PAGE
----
I acknowledge the work that is being done on the ground by task forces and the extra funding that has been given in the last number of weeks of over €1 million to identify different scourges of drug-taking and the influence of drug and alcohol addiction with young people right across the board. In relation to Bray and the co-ordinator, I know there are problems there. The interviews have been held and somebody has been chosen, they just have not been put in place. I am pursuing that.

It has not been ratified.

I have been pursuing it since the beginning of September and I intend to make sure that the position is allocated as soon as possible. The Deputy and those in Bray task force, who I have spoken to and visited, know my sincerity about having a co-ordinator in place as soon as possible. There have been difficulties in recruitment so let us be very clear on that. There is somebody now who-----

They are waiting since September to be ratified.

That will be carried out as soon as possible.

Go raibh maith agat, a Cheann Comhairle. I refer to an issue I raised before the summer regarding Tagrisso, a drug for lung cancer treatment, about which I have been engaging with the HSE over the last number of months. The HSE indicated to us after a meeting on 9 July that it would try to fund it at the latter end of this year. The HSE has now confirmed that there is no money there for it. This is a drug that would make great difference to people who have lung cancer and it is urgently needed. We are now told it is going to have to wait until 2020, like everything else in the HSE. There is going to be some magic formula in 2020. I ask the Minister to ask his colleague, the Minister for Health, to intervene urgently because I believe it is a very small number of patients who urgently need this drug treatment in 2019.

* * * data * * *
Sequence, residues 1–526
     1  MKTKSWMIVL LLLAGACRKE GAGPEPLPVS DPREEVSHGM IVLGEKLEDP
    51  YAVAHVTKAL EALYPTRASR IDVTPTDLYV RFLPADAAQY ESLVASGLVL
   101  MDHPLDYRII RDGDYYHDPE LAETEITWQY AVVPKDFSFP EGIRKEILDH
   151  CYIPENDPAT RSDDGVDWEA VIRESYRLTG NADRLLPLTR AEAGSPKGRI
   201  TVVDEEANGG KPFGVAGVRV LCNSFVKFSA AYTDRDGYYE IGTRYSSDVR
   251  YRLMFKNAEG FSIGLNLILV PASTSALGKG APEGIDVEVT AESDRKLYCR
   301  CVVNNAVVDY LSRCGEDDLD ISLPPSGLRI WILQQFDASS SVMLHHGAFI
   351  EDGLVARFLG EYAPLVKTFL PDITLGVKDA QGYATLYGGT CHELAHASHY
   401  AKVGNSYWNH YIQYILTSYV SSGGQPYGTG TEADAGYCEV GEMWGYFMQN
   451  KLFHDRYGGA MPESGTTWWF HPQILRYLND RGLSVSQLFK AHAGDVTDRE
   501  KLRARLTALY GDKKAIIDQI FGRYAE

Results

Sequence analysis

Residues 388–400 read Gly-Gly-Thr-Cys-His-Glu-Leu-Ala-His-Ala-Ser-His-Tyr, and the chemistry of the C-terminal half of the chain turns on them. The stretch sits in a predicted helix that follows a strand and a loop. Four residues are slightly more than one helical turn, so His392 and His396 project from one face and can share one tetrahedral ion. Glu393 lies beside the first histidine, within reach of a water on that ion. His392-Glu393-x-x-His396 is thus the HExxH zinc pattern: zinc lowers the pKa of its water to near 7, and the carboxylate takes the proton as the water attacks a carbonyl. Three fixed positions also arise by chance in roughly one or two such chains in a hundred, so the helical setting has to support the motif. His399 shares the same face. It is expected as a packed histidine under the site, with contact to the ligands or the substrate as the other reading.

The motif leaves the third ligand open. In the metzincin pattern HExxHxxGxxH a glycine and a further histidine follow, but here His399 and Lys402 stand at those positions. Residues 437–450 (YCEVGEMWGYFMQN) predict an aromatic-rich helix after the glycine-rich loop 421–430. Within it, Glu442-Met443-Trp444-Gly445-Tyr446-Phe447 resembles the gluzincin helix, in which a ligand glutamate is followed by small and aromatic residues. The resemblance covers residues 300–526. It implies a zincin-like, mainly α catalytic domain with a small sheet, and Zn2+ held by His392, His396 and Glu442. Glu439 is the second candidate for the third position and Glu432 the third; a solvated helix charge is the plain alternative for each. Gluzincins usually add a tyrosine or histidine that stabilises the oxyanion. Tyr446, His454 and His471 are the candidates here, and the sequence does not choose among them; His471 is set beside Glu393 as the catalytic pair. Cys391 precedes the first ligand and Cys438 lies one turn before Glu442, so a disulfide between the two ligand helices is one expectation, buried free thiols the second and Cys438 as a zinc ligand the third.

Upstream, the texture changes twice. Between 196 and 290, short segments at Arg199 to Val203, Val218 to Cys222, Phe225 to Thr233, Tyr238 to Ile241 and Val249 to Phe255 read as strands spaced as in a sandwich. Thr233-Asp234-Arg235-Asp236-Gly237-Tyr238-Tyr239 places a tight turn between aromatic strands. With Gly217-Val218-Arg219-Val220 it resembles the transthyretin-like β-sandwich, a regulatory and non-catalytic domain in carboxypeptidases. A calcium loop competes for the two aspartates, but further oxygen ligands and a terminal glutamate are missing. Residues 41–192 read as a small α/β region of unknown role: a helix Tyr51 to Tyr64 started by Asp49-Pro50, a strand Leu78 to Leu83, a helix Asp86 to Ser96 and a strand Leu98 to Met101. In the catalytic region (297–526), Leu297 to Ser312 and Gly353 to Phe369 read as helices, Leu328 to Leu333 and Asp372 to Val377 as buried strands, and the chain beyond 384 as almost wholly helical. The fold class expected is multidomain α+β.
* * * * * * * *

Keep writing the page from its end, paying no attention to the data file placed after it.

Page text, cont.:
The briefing I have is that this year there are 29 new medicines and 29 new indications that have been committed to at a cost of €220 million, and that 3,000 patients will benefit. That has committed the allocation for 2019 for new drugs so it probably does await budgetary consideration of how that scheme can be extended into the future. That is the information I have here but I will convey the Deputy's concern to the relevant Minister.

I want to raise the alarming fact of declining passenger market share being experienced at Shannon International Airport. The Minister of State will be aware that his Government in 2012 separated Shannon Airport from the Dublin Airport Authority. At the time, that policy decision was described by the Government as historic. The aim was to increase passenger numbers at Shannon to 2.5 million passengers per annum. The project has failed dismally. Passenger numbers have not reached anything near that figure. In fact, they are at just above half of it. We have had a number of airlines pull their routes from Shannon. Again yesterday, Ryanair pulled three routes. At the time of that decision, dissenting and questioning voices were rubbished by the Government and others. SIPTU raised very valid questions and the Taoiseach went so far as to say that it was a defeatist attitude. The facts speak for themselves. The market share of the Dublin Airport Authority in 2011 was 78% and it is now 86%. The market share of Shannon Airport in 2011 was 7% and it now stands at 4.4%. Can the Minister of State point to anything in either the programme for Government or legislation which will arrest the decline of Shannon Airport and other regional airports?

I thank the Deputy. Certainly the approach of Government is to try to ensure that there is balanced regional development. In respect of aviation policy, all of our airports on the west coast are critically important, from Cork right up to Donegal, including Kerry, Shannon and Knock. It is a very challenging environment at present for Shannon, particularly with the loss of Norwegian Air as a result of the Boeing MAX issue, which was another blow for the airport. I am working very closely with the aviation section in the Department and Tourism Ireland to see how we can improve the situation at Shannon. Since 2011, we have seen huge growth overall in terms of routes into and out of Ireland. That was also helped by the Government's decision to scrap the airport tax, which had been a very regressive move. We have maintained that this has been very helpful in terms of growing aviation in Ireland. We will continue to work and try to put more money in. I am currently campaigning to get more funding to support all of our airports, particularly our airports outside Dublin, in sourcing new routes and supporting the existing ones.